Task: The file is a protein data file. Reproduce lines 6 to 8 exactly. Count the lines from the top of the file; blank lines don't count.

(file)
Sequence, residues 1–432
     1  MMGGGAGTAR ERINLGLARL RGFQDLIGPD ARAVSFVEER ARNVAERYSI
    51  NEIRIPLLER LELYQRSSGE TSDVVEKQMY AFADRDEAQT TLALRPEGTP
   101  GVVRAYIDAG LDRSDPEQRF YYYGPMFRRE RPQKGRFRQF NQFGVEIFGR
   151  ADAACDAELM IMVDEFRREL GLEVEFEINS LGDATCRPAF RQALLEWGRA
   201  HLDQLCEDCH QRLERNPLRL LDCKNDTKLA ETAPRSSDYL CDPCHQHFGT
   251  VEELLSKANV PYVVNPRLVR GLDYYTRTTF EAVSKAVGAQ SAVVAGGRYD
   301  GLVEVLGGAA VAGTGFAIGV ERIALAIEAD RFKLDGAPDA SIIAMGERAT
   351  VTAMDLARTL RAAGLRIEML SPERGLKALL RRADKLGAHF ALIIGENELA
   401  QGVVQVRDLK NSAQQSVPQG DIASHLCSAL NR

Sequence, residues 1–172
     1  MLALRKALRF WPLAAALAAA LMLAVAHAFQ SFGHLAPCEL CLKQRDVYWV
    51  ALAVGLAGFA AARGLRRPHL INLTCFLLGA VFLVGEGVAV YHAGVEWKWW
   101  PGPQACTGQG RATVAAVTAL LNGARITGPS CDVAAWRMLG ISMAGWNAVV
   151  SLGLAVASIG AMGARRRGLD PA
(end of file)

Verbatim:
   201  HLDQLCEDCH QRLERNPLRL LDCKNDTKLA ETAPRSSDYL CDPCHQHFGT
   251  VEELLSKANV PYVVNPRLVR GLDYYTRTTF EAVSKAVGAQ SAVVAGGRYD
   301  GLVEVLGGAA VAGTGFAIGV ERIALAIEAD RFKLDGAPDA SIIAMGERAT